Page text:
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Getty

Unless you are a Boston Red Sox fan, let’s face it, the World Series didn’t come across as compelling. Ratings were down, largely due to the shine being worn off on the Red Sox being in such a strong position to win it all heading in (it's hard to believe there are now young adults that never have known the long-suffering Red Sox fans went through prior to 2004).

But if the numbers were down on television, they certainly weren’t down at the gate based on numbers released by Major League Baseball on Monday.

Each year, the league releases what are called “Postseason shares”, the amount of money that comes back to the players in the form of bonuses that are part of the collective bargaining agreement between the players and owners. A pool of money is collected for each phase of the postseason: 50% of the gate from the Wild Card games; 60% of the gate receipts from the first three games of the Division Series; 60% of the gate receipts from the first four games of the League Championship Series; and 60% of the gate receipts from the first four games of the World Series. As to why this bonus system was put in place, beyond the players getting extra green in their wallet, the owners have long seen the bonus system as a way to prevent players from throwing games as part of any gambling scam. The teams determine who get full or partial shares, or “cash awards”, and the decision as to who gets the extra green can fall outside just players. Often times, clubhouse personnel can receive the bonus money.

All told, 10 clubs benefitted from the Postseason shares system in 2018. Since the second Wild Card was added in November of 2011, all 10 teams have been in the postseason. If that sounds rhetorical, prior to the two Wild Card games, second-place finishers that were non-Wild Card clubs got “postseason shares” without making the postseason. For example, the Braves, Indians, Angels, and Giants got “Second-Place Finishers (Non-Wild Card Clubs)” shares.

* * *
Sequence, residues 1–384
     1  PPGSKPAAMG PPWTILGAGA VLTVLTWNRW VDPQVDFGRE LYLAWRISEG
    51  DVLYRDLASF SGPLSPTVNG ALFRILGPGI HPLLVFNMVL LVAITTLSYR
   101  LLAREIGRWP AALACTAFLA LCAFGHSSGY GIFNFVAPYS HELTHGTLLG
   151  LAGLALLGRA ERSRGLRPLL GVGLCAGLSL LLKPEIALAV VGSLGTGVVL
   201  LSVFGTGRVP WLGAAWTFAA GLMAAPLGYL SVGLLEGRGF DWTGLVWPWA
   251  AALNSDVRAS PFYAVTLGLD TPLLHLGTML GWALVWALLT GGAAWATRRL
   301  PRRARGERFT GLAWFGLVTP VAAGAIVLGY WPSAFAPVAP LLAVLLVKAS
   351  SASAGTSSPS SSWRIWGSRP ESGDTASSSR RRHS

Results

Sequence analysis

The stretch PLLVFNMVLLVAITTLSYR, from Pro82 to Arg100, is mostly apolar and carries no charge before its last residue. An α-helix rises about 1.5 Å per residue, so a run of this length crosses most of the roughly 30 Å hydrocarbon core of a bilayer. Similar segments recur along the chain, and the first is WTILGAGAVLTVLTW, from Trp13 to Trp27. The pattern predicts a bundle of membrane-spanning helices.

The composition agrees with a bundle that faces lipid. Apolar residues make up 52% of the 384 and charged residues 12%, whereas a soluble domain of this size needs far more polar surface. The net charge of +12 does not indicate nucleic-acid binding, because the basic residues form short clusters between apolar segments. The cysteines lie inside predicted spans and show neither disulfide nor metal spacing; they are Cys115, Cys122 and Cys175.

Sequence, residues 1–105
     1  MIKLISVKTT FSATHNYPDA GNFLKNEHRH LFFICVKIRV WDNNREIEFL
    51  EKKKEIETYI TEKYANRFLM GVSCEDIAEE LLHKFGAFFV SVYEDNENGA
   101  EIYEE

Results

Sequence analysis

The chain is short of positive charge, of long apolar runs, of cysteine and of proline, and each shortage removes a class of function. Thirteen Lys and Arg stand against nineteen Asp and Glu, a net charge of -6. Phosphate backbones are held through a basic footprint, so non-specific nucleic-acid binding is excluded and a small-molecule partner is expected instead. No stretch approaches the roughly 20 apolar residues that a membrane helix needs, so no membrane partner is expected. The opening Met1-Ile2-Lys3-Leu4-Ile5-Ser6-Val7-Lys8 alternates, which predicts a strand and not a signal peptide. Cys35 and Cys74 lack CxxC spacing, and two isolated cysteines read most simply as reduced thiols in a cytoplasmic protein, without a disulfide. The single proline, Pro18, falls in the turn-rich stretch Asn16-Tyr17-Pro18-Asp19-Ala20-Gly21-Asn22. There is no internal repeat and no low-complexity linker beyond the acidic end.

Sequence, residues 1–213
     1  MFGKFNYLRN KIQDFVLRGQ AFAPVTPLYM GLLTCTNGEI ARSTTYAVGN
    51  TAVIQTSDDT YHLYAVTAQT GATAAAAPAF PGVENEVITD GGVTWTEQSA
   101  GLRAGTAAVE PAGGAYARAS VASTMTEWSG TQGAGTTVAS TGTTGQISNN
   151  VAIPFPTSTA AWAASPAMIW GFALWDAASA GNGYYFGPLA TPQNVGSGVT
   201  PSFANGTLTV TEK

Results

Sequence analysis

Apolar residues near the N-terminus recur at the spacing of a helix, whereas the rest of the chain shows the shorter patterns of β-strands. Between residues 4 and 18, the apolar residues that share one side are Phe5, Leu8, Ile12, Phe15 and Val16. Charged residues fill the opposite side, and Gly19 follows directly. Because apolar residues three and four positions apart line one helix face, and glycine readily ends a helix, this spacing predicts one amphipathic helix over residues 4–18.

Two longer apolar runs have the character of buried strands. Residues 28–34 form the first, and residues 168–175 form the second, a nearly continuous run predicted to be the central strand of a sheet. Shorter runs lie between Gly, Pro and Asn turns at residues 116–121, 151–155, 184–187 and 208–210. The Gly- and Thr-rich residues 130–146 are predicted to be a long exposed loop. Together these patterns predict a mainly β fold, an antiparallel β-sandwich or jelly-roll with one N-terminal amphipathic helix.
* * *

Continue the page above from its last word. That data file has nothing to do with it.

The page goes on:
For 2018.the total pool for the players in the 10 teams that made the postseason was an all-time high of $88,188,633.49 a 4% increase from the prior record of 2017 of $84,500,432.15. A full Postseason share for the 2018 World Series Champion Boston Red Sox was worth $416,837.72, while a full share for the National League Champion Los Angeles Dodgers totaled $262,027.49. That was compared to $438,901.57 for the 2017 World Champion Houston Astros and $259,722.14 for the 2017 NL Champion Dodgers. For further comparison, the 2016 World Series Champion Chicago Cubs got $368,871.59 and the 2016 AL Champion Indians got $261,804.65. 

The breakdown by the clubs that received postseason shares is as follows:

World Series Champions

Boston Red Sox (Share of Players’ Pool: $31,747,908.06; value of each of full share: $416,837.72) – The Red Sox issued 66 full shares, a total of 10.025 partial shares and eight cash awards.

National League Champions

Los Angeles Dodgers (Share of Players’ Pool: $21,165,272.04; value of each of full share: $262,027.49) – The Dodgers issued 67 full shares, a total of 13.290 partial shares and 24 cash awards.

League Championship Series Runners-Up

Houston Astros (Share of Players’ Pool: $10,582,636.02; value of each of full share: $154,656.05) – The Astros issued 56 full shares, a total of 12.220 partial shares and five cash awards.

Milwaukee Brewers (Share of Players’ Pool: $10,582,636.02; value of each of full share: $122,957.13) – The Brewers issued 64 full shares, a total of 21.051 partial shares and four cash awards. 

Division Series Runners-Up

Atlanta Braves (Share of Players’ Pool: $2,866,130.59; value of each of full share: $40,375.74) – The Braves issued 65 full shares, a total of 5.875 partial shares and seven cash awards.

Cleveland Indians (Share of Players’ Pool: $2,866,130.59; value of each of full share: $37,040.29) – The Indians issued 67 full shares, a total of 8.570 partial shares and 10 cash awards.

Colorado Rockies (Share of Players’ Pool: $2,866,130.59; value of each of full share: $40,335.96) – The Rockies issued 58 full shares, a total of 12.833 partial shares and seven cash awards.

New York Yankees (Share of Players’ Pool: $2,866,130.59; value of each of full share: $43,081.55) – The Yankees issued 45 full shares, a total of 21.470 partial shares and two cash awards. 

Wild Card Game Runners-Up

Chicago Cubs (Share of Players’ Pool: $1,322,829.50; value of each of full share: $16,155.34) – The Cubs issued 68 full shares and a total of 13.882 partial shares.

Oakland Athletics (Share of Players’ Pool: $1,322,829.50; value of each of full share: $19,760.35) – The A’s issued 57 full shares, a total of 9.083 partial shares and 15 cash awards.

Source: Major League Baseball